The origin of life in an inflationary universe

RNA (on left) compared with DNA (on right); courtesy Wikimedia

The abiogenesis problem

Exactly how life first emerged on Earth (the “abiogenesis” problem) remains a critical unsolved question in biology. Was it inevitable, given a favorable environment, or was it a fantastically improbable event? All we know for sure is that it occurred at least 3.8 billion years ago and possibly more than 4 billion years ago. The fact that life arose relatively soon after the surface of the Earth solidified indicates to some that abiogenesis was inevitable, but there is no way to know for sure. For further details, see this Math Scholar blog.

The RNA world hypothesis

One leading hypotheses is that ribonucleic acid (RNA), which operates in biology alongside its more familiar cousin DNA, played a key role in the earliest abiogenesis events — a notion known as the RNA world hypothesis. For example, researchers recently found that certain RNA molecules can greatly increase the rate of specific chemical reactions, including, remarkably, the replication of parts of other RNA molecules. Thus perhaps RNA, or an even a more primitive molecule similar to RNA, could have “self-catalyzed” itself in this manner, perhaps with the assistance of some related molecules. Perhaps then some larger conglomerates of such compounds, packaged within simple hydrophobic compounds as membranes, could together have formed some very primitive cells.

Nonetheless, the RNA world hypothesis faces major challenges as an explanation of abiogenesis.

In May 2009, a team led by John Sutherland of the University of Cambridge solved one problem that had perplexed researchers for at least 20 years, namely how the four basic nucleotides (building blocks) in RNA chains could have spontaneously assembled. Sutherland and his team first discovered one combination of chemicals assumed to be present on the primordial Earth that formed the RNA nucleotides cytosine and uracil. Then in May 2016, a team led by German chemist Thomas Carell found a plausible way to form adenine and guanine, the other two nucleotides. Finally, in November 2018, Carell’s team announced that they had found a single set of plausible reactions that could have formed all four RNA nucleotides on the early Earth. See this Nature article for additional details.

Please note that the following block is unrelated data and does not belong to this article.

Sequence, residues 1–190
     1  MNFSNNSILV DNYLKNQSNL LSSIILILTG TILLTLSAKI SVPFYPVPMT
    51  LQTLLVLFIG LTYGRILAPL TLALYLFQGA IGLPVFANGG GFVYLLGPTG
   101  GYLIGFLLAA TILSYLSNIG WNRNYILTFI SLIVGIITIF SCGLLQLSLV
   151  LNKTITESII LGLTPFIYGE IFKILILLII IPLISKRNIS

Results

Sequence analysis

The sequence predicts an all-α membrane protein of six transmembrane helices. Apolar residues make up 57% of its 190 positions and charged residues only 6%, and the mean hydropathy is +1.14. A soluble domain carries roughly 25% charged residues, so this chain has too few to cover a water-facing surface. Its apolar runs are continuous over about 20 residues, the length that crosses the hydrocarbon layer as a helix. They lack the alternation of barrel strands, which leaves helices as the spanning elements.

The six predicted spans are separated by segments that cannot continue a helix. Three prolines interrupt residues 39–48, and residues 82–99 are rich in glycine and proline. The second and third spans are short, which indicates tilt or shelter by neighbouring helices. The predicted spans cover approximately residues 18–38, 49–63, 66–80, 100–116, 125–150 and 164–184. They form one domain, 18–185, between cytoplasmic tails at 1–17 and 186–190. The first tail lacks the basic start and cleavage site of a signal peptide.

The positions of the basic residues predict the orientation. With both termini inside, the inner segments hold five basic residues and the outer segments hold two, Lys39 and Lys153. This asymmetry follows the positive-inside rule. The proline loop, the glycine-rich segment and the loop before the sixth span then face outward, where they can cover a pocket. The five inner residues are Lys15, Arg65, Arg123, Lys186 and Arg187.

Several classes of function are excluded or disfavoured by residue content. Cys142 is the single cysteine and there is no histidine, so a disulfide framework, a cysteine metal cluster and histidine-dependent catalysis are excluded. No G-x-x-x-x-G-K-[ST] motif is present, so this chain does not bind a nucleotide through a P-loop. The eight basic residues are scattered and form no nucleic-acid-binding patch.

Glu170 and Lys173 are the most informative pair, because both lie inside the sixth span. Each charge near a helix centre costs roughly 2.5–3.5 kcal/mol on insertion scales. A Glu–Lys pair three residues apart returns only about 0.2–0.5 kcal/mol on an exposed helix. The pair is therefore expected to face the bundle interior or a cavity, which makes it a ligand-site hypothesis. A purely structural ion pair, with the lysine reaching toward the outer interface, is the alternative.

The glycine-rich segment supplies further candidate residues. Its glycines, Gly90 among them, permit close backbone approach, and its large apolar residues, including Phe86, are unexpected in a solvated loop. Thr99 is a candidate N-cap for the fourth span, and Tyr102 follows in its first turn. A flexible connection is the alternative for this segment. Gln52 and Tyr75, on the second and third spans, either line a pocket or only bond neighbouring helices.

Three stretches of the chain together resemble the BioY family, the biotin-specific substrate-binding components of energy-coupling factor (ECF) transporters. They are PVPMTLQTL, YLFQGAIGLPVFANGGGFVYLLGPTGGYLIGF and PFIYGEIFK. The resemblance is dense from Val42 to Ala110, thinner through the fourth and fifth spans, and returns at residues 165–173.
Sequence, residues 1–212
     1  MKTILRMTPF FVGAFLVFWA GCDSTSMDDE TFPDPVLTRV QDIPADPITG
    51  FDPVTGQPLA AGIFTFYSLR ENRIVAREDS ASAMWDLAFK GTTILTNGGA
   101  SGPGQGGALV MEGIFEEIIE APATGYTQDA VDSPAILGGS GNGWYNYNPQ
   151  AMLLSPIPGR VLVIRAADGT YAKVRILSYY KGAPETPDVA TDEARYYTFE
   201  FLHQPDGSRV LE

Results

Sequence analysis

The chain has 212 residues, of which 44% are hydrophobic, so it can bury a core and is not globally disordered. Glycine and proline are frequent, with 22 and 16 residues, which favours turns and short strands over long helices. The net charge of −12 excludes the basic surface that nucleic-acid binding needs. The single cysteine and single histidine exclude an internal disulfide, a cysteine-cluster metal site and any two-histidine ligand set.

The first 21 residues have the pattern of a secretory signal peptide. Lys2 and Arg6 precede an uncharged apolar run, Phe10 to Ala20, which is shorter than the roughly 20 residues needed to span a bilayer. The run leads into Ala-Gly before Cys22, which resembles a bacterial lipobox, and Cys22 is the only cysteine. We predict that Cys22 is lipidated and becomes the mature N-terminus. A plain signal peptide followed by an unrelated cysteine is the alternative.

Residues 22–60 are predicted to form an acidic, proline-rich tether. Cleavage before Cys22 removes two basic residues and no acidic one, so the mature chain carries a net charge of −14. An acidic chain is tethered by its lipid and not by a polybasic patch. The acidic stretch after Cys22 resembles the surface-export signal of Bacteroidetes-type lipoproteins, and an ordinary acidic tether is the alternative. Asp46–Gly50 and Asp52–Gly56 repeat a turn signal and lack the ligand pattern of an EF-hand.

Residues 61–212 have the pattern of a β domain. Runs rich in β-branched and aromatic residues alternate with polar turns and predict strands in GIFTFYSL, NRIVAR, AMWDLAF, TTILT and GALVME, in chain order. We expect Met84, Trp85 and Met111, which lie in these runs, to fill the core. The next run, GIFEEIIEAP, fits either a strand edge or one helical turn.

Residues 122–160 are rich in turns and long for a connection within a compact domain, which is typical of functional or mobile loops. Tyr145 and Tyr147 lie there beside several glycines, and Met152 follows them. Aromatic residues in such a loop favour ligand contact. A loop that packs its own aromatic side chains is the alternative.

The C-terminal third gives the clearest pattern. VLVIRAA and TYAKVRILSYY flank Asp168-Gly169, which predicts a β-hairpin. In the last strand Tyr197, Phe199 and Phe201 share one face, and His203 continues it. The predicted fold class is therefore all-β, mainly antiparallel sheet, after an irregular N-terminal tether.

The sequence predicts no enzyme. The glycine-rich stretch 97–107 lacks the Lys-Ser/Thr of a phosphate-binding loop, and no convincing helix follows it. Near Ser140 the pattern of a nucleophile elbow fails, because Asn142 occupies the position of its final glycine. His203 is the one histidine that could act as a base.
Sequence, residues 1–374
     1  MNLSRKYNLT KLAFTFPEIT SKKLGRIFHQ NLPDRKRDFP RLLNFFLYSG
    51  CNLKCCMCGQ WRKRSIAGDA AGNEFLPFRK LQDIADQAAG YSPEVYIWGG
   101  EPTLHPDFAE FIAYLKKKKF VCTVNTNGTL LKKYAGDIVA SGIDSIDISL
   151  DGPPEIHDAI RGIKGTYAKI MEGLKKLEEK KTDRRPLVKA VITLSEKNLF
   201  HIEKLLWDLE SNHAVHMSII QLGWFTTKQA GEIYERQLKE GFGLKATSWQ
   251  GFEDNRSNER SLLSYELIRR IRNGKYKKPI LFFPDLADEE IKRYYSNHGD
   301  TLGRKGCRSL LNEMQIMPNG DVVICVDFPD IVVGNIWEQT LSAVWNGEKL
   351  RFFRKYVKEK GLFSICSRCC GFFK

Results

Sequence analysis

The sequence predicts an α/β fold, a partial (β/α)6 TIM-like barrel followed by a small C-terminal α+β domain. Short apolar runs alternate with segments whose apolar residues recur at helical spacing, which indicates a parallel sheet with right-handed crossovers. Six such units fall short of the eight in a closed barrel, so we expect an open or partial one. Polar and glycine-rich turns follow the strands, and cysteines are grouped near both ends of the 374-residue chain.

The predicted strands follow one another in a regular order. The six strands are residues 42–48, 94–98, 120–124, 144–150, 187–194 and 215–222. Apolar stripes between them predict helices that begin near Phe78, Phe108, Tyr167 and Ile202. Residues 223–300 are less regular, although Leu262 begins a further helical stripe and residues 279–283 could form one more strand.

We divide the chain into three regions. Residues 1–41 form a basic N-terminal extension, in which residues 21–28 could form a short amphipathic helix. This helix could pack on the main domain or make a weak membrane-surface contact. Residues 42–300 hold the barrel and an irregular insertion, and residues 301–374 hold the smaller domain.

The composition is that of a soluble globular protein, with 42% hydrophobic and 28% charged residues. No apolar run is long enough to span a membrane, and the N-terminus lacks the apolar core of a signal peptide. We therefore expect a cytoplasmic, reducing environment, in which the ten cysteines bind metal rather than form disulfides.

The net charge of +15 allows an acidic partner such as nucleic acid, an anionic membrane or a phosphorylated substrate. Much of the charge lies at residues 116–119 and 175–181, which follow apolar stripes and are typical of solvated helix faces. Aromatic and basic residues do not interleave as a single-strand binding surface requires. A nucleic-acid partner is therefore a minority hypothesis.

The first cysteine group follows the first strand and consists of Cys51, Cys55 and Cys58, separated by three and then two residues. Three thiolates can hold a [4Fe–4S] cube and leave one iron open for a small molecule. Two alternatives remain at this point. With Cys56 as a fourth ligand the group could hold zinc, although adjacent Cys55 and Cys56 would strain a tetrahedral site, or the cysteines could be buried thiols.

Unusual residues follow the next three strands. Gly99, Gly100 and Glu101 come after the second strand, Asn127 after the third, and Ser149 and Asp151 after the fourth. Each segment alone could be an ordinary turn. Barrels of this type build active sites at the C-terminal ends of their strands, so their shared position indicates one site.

Nonetheless, researchers in the abiogenesis arena are still stuck with a stubborn unanswered question: How could large chains of RNA, sufficiently long to be the basis of primitive self-replicating evolutionary life, have spontaneously formed in the primordial Earth’s water-rich environment, which is thermodynamically unfavorable for the formation of such chains? The current consensus is that any such self-replicating RNA molecule would need at least 40-60 nucleotide bases (rungs in the chain), and most likely over 100, to possess even a minimal self-replicating function. What’s more, a pair of such molecules may be necessary, if one is to serve as a template for replication. Yet the largest number of bases that have been reproducibly demonstrated in laboratory experiments is 10, and the probability of successful formation drops sharply as the number of bases increases.

Abiogenesis in an inflationary universe

In a new paper published in Nature Scientific Reports, Japanese astronomer Tomonori Totani proposes a solution to this conundrum. He first reviews the relevant RNA world literature and analyzes the process of RNA formation and the prospects for this happening on a given planet in considerable detail. Then he calculates the probability of spontaneous assembly of a sufficiently long RNA chain to be the basis of life.

Interestingly, Totani finds that this probability is negligibly small on our planet, and minuscule even in the observable universe to which we belong, which contains approximately 1022 stars. But Totani finds that this probability would be virtually 100% in the much larger universe created in the inflationary epoch just following the Big Bang, which is estimated to contain approximately 10100 stars, most of which are beyond the “horizon” visible from Earth. Under this hypothesis, the fact that we reside on such an exceedingly fortunate planet to have been a home for RNA-based life is merely a consequence of the anthropic principle — if we did not reside on such a fortuitous planet, we would not be here to discuss the issue.